February 23, 2018

 

Barbara Parker-Hayes, a counselor with CommUNITY Scholars, reads with 6-year-old Harrison while other students work on their homework or receive tutoring help.

Six-year-old Harrison, ruminating over each word of “The Tortoise and the Hare” yellow storybook, glanced up at his counselor to shyly talk about the moral of the story.

“It’s not always about how fast you go,” said Barbara Parker-Hayes, sitting next to him and holding the book. In the classroom, she goes by Mrs. Parker. “Slow and steady wins the race.”

Harrison, along with about 25 other students from Kindergarten through sixth grade, spend their afternoons after school at the Community Family Life & Recreation Center at Lyon Park in Durham. They are part of CommUNITY Scholars, an afterschool and summer program that provides tutoring, mentorship and socialization to underprivileged or at-risk children living in Durham’s West End neighborhood.

“Some of them come in, and they’re not reading at all,” Parker-Hayes said. “The program is wonderful for the kids. …They might not all get there at the same time (academically), but they get there.”

Damone, a young CommUNITY Scholars student, practices writing letters and words into his notebook.

 

CommUNITY Scholars receives annual funding from Duke’s Doing Good in the Neighborhood employee giving campaign, specifically through the “Youth Empowerment” giving category. This funding from Duke employee donations helps cover CommUNITY Scholars’ operating expenses such as staff salaries, snacks, supplies and enrichment activities.

On a recent Monday afternoon, students were finishing their homework, which included drawing pictures and learning about adjectives, as well as picking out who they wanted to learn about for a Black History Month report. Up on the whiteboard, students chose trailblazing figures like Martin Luther King Jr., Barack Obama and Serena Williams.

Three paid staff members, along with a high school senior and Duke student volunteers, sit one-on-one with the children and help them finish their homework assignments in the recreation center’s classrooms. Homework always comes first, and finishing assignments means students can then play on the computer or in the gym.

Duke University Chapel PathWays Fellow Eric Ho, in the center of the circle, leads a CommUNITY Scholars music class.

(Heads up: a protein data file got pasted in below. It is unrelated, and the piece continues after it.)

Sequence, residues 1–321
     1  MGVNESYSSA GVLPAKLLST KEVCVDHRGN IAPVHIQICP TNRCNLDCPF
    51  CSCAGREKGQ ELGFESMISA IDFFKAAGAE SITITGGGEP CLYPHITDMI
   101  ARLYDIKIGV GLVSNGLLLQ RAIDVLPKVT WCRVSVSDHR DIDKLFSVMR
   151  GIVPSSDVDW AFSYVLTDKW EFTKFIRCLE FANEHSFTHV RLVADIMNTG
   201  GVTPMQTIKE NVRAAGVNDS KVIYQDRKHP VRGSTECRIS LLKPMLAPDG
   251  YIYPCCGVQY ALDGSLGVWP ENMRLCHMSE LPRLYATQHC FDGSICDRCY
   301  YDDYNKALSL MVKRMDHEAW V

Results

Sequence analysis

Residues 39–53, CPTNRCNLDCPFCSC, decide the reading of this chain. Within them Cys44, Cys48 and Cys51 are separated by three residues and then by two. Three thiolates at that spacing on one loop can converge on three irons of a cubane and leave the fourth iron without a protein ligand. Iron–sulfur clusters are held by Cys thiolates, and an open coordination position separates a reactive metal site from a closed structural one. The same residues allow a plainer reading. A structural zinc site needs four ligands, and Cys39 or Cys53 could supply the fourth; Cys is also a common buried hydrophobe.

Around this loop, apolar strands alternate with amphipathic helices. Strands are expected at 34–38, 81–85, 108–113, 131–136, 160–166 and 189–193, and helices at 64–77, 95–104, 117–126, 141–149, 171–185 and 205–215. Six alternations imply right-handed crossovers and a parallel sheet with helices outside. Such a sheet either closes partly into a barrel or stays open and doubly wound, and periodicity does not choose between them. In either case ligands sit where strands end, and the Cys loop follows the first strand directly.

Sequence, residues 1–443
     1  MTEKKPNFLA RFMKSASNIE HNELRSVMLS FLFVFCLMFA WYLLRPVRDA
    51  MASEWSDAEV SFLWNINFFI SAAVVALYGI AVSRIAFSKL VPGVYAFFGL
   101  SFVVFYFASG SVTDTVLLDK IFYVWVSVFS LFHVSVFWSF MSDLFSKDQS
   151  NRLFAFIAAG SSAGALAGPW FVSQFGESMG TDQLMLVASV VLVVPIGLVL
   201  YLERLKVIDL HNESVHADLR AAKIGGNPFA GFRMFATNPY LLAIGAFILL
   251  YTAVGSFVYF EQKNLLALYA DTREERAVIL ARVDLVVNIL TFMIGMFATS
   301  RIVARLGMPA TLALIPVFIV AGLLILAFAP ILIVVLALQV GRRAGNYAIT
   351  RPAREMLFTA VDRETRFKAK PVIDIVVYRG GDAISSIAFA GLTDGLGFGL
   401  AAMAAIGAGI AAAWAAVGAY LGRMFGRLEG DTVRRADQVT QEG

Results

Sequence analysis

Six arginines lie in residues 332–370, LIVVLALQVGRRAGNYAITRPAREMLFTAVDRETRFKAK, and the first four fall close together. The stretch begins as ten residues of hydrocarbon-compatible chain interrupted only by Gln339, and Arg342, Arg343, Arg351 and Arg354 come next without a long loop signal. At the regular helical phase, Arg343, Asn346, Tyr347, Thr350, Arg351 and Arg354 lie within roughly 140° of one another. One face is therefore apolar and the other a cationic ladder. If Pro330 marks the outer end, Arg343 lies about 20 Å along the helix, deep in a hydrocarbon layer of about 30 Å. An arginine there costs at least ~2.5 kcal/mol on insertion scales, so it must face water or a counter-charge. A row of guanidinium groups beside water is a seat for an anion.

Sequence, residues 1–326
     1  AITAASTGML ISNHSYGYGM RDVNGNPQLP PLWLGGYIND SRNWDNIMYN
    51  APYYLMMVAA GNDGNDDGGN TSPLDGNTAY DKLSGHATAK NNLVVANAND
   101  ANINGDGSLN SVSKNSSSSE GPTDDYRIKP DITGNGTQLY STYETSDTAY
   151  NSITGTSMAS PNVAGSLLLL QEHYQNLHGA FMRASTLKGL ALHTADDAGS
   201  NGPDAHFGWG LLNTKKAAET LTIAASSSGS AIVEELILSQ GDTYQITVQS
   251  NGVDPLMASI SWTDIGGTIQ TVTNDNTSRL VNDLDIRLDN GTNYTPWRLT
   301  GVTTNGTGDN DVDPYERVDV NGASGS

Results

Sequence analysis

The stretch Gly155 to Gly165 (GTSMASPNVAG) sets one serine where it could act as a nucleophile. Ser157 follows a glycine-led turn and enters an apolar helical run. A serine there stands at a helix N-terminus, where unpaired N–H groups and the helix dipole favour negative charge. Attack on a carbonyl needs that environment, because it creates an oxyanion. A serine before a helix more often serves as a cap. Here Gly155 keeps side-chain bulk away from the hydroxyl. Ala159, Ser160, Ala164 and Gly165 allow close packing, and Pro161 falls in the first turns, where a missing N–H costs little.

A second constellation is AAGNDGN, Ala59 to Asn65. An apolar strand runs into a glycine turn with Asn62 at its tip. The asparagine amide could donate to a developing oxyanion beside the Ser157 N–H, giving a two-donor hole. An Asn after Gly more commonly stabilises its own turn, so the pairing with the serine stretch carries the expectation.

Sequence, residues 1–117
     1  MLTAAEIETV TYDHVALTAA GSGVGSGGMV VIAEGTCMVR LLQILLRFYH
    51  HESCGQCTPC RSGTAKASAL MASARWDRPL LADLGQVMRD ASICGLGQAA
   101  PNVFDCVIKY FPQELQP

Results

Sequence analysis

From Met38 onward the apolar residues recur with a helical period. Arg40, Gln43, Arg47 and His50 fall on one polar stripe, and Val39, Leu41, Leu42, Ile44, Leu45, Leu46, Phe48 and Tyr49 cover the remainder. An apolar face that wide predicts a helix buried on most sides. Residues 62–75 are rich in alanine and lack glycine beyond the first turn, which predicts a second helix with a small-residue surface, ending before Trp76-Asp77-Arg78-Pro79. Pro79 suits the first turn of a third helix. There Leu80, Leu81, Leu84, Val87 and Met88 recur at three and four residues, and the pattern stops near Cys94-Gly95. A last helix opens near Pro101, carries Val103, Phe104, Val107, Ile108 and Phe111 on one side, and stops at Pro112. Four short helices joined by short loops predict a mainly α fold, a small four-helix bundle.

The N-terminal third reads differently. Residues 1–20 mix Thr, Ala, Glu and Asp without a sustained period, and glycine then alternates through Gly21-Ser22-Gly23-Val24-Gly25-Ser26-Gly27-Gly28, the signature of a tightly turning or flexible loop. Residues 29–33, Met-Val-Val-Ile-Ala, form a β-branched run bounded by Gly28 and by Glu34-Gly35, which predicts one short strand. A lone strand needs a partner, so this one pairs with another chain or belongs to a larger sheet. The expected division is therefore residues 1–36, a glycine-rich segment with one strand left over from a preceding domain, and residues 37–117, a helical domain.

In the recreation center’s auditorium, Eric Ho, a Duke University Chapel PathWays Fellow that is volunteering with CommUNITY Scholars and teaching music once a week, led groups of students in a song. Every student clutched their own sheet music and fidgeted as Ho instructed everyone to sing louder and more confidently to “Ode to Joy.”

Emma Harper, one of CommUNITY Scholars’ lead counselors, sat in a plastic chair and watched the music class unfold.

“We want to make learning fun for them,” Harper said. “We want to boost their self-esteem, their confidence. We want them to know the sky’s the limit. We don’t want them to think there’s something they can’t do.”

CommUNITY Scholars provides more than homework help. They have fun Fridays where the children participate in spelling bees and games. Every student gets three snacks throughout the afternoon and paper and pencils for their studies. The counselors celebrate every student’s birthday, as well as hand out coats to the children during the holidays.

“They become our kids,” Harper said. As a counselor, she gets to watch every student as they progress and mature, and mentor them along the way. “We never know who we might be working with. We might be working with the next president of the United States.”

Damone, who is in Kindergarten, works on writing letters and words.

 

CommUNITY Scholars began in 1993 and has always been free for Durham families in the West End neighborhood. The program is always looking for additional funding to pay for new technology such as computers as well as field trips for the children so they can gain new life experiences, said lead CommUNITY Scholars organizer Wilhelmenia Thornton.

“We try to make learning fun as much as we can. Without the program, we’d have a lot of students walking the streets and participating in dangerous activities,” Thornton said. “Because our program is during afterschool hours, we have them participate in activities that keep them safe.”

To make a gift to the “Youth Empowerment” category of Doing Good in the Neighborhood, Duke staff and faculty can make a payroll gift or one-time gift that will benefit the CommUNITY Scholars program as well as other organizations helping local youth year-round.

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